Will Apple's hardware focus cause them to fall behind Google and Facebook?
Venture capitalist Fred Wilson spoke at the TC Disrupt conference in NYC and TechCrunch wrote a quick summary of what he said. Apparently Wilson thinks that by the year 2020 Apple won't be a top three tech company. I assume he's talking about market capitalization here, and currently Apple is the most valuable technology company in the world based on that metric. Wilson suggests that, instead, Google and Facebook will be in the top three along with another new name we haven't heard of yet. His logic? Apple is "too rooted to hardware", which is "increasingly becoming a commodity." Furthermore he's a big believer in the cloud and says, "Their stuff in the cloud is largely not good. I don't think they think about data and the cloud." So, is Wilson right?
I can understand Wilson's prediction that Apple ceases to be #1. After all, Facebook and Google are very powerful businesses, and they are both incredibly strong players in mobile advertising. I believe the advertising industry is now in the midst of a huge shift in spending away from radio and print and towards online, especially mobile. Just a few quarters ago people thought mobile traffic wouldn't easily be monetized. Today Facebook brings in 59% of ad dollars from mobile users and Twitter brings in 78% from the same segment. Mobile is huge.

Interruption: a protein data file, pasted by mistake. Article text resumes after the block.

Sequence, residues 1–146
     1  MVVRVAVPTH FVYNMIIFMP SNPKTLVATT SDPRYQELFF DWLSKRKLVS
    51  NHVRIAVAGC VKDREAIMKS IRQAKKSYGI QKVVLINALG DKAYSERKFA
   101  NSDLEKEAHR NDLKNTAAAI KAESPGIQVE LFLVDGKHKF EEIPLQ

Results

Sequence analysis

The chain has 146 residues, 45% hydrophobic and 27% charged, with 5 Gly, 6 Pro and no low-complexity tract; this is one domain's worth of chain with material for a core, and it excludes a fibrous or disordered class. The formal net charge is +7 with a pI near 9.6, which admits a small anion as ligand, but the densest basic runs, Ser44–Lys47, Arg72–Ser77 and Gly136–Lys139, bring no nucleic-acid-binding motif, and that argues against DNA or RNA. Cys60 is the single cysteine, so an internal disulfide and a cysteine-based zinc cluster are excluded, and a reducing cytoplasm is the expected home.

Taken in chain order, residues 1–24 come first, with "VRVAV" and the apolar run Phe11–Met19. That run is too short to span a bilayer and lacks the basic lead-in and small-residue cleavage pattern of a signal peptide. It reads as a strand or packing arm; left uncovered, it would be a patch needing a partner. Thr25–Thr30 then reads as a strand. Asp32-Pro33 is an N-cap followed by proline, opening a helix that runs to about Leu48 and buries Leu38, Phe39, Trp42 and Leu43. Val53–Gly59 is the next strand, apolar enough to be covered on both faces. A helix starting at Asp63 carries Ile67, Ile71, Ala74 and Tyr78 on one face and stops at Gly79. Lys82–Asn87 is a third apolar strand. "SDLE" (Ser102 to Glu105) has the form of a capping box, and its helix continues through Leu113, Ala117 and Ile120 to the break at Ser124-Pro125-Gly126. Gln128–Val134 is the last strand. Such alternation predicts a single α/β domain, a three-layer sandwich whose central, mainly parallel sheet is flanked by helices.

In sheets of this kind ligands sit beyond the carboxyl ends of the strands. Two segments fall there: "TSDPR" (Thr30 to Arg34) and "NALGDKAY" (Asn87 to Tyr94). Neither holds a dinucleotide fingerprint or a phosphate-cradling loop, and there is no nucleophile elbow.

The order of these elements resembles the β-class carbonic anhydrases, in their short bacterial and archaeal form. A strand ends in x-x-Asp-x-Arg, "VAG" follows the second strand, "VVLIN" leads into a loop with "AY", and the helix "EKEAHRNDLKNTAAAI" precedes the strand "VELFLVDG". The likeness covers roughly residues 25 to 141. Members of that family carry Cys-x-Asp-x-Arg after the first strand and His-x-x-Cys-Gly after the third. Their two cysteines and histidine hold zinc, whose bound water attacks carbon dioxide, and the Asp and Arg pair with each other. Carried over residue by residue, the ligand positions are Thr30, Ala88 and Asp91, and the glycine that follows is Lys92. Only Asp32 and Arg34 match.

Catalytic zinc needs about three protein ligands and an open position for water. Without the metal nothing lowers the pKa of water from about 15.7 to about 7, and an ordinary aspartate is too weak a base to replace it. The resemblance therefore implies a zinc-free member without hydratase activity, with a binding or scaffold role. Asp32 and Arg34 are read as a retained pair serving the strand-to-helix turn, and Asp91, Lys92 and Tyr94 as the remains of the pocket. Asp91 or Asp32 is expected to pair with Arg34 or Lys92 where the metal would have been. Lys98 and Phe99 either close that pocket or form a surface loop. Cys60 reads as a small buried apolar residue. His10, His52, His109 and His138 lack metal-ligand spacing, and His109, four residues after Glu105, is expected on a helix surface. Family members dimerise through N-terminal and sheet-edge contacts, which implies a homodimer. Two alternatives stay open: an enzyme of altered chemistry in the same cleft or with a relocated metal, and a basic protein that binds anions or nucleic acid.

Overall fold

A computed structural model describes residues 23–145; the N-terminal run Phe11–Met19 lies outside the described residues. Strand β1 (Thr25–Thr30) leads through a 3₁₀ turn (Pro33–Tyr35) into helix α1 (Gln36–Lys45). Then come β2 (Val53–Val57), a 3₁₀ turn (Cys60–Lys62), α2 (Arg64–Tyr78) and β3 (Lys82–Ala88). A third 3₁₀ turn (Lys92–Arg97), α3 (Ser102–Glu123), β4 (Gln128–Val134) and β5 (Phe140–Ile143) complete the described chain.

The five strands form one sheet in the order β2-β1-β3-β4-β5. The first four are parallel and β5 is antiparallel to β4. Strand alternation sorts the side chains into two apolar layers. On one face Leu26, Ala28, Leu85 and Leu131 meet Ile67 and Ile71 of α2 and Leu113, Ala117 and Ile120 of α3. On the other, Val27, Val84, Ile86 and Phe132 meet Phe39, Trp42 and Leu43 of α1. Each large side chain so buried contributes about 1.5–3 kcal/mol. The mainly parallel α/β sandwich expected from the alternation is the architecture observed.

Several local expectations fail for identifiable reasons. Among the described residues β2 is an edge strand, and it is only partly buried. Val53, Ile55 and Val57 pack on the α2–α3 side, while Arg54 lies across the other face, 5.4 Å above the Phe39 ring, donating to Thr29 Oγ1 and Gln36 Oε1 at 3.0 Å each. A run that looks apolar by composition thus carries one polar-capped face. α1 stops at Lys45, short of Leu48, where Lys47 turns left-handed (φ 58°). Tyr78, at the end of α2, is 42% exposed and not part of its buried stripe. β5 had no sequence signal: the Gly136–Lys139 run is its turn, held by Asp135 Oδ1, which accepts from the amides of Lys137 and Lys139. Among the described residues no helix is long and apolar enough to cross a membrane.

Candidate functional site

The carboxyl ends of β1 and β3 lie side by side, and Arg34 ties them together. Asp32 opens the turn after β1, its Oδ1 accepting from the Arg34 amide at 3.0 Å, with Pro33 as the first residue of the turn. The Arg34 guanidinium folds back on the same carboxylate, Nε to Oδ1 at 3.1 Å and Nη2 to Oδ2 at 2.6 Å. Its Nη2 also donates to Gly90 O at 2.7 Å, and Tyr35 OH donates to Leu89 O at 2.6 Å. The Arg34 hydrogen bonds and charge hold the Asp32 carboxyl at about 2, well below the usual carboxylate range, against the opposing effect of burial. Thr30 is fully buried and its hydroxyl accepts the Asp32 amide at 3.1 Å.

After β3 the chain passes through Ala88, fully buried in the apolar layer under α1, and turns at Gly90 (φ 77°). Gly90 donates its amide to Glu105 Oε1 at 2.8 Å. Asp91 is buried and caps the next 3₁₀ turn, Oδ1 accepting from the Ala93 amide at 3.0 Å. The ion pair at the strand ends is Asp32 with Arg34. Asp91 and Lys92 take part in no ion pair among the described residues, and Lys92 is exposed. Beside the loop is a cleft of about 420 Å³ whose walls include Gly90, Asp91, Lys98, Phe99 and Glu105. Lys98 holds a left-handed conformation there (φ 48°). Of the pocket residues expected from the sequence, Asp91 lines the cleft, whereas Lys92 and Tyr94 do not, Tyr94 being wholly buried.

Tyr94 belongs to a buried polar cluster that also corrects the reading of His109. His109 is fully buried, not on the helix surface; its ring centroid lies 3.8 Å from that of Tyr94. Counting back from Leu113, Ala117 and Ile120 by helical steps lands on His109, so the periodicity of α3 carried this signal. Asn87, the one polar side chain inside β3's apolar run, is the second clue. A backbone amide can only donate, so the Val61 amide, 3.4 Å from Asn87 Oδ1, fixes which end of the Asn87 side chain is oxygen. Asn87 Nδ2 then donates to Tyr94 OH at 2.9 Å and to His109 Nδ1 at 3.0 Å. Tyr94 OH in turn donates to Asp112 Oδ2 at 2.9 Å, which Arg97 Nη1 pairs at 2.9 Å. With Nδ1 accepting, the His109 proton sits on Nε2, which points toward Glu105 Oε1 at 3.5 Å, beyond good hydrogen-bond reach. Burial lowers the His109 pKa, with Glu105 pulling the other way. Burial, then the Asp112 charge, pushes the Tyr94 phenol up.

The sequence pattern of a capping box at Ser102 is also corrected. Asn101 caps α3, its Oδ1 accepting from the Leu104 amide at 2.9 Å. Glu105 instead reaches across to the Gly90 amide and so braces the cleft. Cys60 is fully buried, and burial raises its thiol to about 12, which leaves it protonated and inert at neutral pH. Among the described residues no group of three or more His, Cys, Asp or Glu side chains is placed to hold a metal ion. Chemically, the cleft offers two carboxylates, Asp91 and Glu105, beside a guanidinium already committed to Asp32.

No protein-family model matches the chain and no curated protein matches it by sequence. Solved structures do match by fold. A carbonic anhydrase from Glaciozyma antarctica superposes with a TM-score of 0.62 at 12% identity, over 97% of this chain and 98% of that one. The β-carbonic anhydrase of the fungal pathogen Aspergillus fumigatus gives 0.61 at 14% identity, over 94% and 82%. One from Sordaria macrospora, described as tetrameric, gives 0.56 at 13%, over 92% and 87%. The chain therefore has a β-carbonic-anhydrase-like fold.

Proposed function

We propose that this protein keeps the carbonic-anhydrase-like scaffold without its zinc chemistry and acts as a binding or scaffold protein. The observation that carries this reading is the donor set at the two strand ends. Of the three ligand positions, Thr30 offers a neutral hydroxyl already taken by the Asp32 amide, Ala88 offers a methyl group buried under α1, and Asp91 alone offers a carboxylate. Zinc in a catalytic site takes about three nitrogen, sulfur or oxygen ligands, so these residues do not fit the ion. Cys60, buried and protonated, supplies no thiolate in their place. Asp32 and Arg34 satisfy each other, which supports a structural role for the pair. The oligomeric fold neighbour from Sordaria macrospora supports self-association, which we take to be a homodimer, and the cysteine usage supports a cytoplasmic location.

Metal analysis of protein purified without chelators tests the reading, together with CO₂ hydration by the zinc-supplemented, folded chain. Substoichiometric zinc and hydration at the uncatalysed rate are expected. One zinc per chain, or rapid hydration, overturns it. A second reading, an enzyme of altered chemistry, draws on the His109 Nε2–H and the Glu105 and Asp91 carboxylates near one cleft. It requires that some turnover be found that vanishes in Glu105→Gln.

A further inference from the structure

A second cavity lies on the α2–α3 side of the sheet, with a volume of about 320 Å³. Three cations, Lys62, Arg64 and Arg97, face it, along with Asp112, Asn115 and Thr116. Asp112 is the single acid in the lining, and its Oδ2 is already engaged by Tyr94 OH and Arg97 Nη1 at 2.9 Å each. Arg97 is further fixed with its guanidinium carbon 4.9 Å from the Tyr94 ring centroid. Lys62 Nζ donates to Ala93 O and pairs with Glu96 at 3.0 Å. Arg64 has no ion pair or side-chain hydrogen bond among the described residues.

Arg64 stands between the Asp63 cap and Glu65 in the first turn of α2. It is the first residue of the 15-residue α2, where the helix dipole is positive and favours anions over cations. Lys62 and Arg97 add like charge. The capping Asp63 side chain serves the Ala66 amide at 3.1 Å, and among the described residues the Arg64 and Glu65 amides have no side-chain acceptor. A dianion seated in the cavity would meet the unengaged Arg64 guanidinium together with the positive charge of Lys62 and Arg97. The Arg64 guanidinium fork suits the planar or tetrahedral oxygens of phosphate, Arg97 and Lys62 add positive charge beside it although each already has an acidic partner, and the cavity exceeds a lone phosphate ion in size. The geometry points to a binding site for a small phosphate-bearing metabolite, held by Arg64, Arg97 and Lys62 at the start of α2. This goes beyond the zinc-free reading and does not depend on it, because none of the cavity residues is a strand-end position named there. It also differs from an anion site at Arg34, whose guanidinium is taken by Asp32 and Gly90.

If hardware does get commoditized further and Apple continues to rely so much on hardware, they'll suffer. But we have to remember that Apple isn't a hardware company. They're a product company. And the difference is important to understand.
Apple may seem to be a hardware company on the surface, especially based on their financials, but they have a massive commerce business with iTunes, apps, and more. Apple's iTunes business is so big that, if split off, it too would be a major tech company — #130 on the Fortune 500 according to Horace Dediu of Asymco. This business is growing and will continue to grow.
Additionally, I think Apple has proven its ability to manage a long term trend towards cheaper hardware (desktops, notebooks, MP3 players) while still selling premium priced products at high margins.
But I do see Wilson's point about the cloud. Apple can do so much more. They talk a big talk. Tim Cook says that iCloud is Apple's strategy for the next decade. But they haven't really done much with it yet. I still feel like I can't trust iMessage to deliver messages so I use Voxer, Skype and BBM. iCloud still doesn't even have the most basic file organization capabilities. I would seriously love it if Apple provided me with enough space, at competitive prices, to back up all of my iOS devices and photos.
Even still, I think it's a massive exaggeration to suggest that Apple doesn't think about the cloud. Clearly they do, but they haven't been on top of their game when it comes to execution. I can understand the argument that Apple's cloud folks perhaps are not the best in the business. They're not as good as Dropbox or Amazon or even Microsoft (gasp!)
Can Apple stay on top? This week the stock crossed back over $600 briefly. The market value of Apple is over $500 billion. Google is worth $347 billion and Facebook is worth $150 billion. If Fred Wilson is right we should all be buying Google and Facebook while shorting Apple stock. I'm with him on the former (I am long both stocks), but there's no way I'd be shorting Apple here.
I'm still pretty bullish on their long term growth.